The Vodaphone shop in Oxford Street, London, was closed down this week when over a hundred demonstrators turned up on the doorstep. They were unhappy that Vodaphone has not been paying taxes in the UK. What on earth had been going on?
Johann Hari, writing in the Independent has the answer, "Vodafone has been refusing to pay billions of pounds of taxes to the British people that are outstanding. The company – which has doubled its profits during this recession – engaged in all kinds of accounting twists and turns, but it was eventually ruled this refusal breached anti-tax avoidance rules. They looked set to pay a sum Private Eye calculates to be more than £6bn."
"Then, suddenly, the exchequer – run by George Osborne – cancelled almost all of the outstanding tax bill, in a move a senior figure in Revenues and Customs says is “an unbelievable cave-in.” A few days after the decision, Osborne was promoting Vodafone on a tax-payer funded trip to India. He then appointed Andy Halford, the finance director of Vodafone, to the government’s Advisory Board on Business Tax Rates, apparently because he thinks this is a model of how the Tories think it should be done."
"By contrast, the Indian government chose to pursue Vodafone through the courts for the billions in tax they have failed to pay there. Yes, the British state is less functional than the Indian state when it comes to collecting revenues from the wealthy. This is not an isolated incident. Richard Murphy, of Tax Research UK, calculates that UK corporations fail to pay a further £12bn a year in taxes they legally owe, while the rich avoid or evade up to £120bn."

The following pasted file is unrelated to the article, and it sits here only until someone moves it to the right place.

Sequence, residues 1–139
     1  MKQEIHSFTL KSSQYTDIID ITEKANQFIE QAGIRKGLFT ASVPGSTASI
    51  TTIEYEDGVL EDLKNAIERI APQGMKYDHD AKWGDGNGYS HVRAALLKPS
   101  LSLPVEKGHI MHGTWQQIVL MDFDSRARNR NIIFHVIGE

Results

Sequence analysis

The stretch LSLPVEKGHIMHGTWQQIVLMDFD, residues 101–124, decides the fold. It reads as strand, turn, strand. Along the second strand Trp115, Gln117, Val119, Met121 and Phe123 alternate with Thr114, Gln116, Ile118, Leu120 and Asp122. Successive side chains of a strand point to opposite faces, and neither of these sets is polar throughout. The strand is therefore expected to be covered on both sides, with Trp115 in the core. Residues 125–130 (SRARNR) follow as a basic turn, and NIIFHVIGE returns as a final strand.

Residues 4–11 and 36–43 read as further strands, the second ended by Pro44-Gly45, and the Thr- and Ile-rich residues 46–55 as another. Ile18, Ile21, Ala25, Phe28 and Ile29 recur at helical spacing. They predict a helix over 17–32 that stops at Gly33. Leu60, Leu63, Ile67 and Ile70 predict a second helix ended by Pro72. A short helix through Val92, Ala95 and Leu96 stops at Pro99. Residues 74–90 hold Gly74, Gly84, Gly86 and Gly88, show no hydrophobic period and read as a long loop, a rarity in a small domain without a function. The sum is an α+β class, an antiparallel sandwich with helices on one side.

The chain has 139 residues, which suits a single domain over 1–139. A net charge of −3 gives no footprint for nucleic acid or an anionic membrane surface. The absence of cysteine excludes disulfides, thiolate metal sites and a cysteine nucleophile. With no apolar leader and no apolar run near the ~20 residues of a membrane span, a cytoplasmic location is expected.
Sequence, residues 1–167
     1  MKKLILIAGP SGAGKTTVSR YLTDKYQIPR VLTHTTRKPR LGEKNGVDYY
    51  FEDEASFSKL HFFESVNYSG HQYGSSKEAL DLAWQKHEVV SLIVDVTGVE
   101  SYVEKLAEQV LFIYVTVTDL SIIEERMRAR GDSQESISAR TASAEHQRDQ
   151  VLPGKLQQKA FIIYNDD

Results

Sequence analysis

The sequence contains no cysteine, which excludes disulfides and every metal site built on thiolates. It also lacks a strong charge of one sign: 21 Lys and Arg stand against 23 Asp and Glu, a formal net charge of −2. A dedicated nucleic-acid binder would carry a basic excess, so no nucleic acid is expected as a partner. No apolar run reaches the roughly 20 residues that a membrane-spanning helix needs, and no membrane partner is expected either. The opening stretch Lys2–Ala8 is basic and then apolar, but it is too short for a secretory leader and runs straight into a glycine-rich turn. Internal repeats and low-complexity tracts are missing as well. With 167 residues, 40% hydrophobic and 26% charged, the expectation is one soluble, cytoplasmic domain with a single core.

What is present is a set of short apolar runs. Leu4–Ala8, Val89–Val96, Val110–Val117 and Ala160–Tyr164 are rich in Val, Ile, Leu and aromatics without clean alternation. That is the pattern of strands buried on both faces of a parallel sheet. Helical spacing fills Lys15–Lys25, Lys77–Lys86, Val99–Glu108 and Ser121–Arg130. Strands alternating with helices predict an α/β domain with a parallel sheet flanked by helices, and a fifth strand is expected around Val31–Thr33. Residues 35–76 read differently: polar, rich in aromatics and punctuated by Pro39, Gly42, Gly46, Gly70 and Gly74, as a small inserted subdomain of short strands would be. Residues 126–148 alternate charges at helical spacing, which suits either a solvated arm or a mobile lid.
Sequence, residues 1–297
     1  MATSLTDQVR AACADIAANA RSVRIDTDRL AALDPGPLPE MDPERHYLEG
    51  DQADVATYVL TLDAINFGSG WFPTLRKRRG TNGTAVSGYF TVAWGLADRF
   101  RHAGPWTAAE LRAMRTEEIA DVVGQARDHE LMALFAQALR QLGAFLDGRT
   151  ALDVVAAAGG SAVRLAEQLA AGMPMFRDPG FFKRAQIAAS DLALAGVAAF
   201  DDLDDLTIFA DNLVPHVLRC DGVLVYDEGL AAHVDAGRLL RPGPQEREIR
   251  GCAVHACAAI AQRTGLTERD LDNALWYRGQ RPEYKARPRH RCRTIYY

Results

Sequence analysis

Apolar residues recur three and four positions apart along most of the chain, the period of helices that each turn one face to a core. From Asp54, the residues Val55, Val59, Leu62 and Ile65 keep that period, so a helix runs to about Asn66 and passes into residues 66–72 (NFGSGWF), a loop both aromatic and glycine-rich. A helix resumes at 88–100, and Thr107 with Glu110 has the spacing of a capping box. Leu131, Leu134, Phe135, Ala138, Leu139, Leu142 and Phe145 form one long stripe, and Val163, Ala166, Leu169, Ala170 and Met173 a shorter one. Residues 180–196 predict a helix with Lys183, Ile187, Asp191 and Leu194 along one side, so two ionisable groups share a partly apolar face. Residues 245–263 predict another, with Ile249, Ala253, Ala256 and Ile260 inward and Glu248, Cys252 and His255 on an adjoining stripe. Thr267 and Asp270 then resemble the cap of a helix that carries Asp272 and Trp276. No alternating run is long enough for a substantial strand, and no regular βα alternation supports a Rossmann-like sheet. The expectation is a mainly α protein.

Although personally not a fan of Twitter, it is a good tool to mobilise like-minded people. This is what happened to Vodaphone. It also exposed the use of 'super injunctions' imposed on the BBC and The Guardian and was instrumental in getting the injunctions overturned. Protest can seem pointless yet a study of the significant social changes in our recent history show just how effective it can be. Votes for Women, Gay Rights, Anti-Racism and even anti-war movements. The latter may not appear to be too effective yet the biographies of Presidents Nixon and Johnson reveal how they were influenced by the anti-Vietnam protests.
Johann Hari summed it up at the end of his article. "You don’t know what the amazing ripple-effect of your protest will be – but wouldn’t Britain be a better place if it replaced the ripple of impotent anger so many of us are feeling? Yes, you can sit back and let yourself be ripped off by the bankers and the corporations and their political lackeys if you want. But it’s an indulgent fiction to believe that is all you can do. You can act in your own self-defence. As Margaret Mead, the great democratic campaigner, said: “Never doubt that a small group of thoughtful people could change the world. Indeed, it's the only thing that ever has.”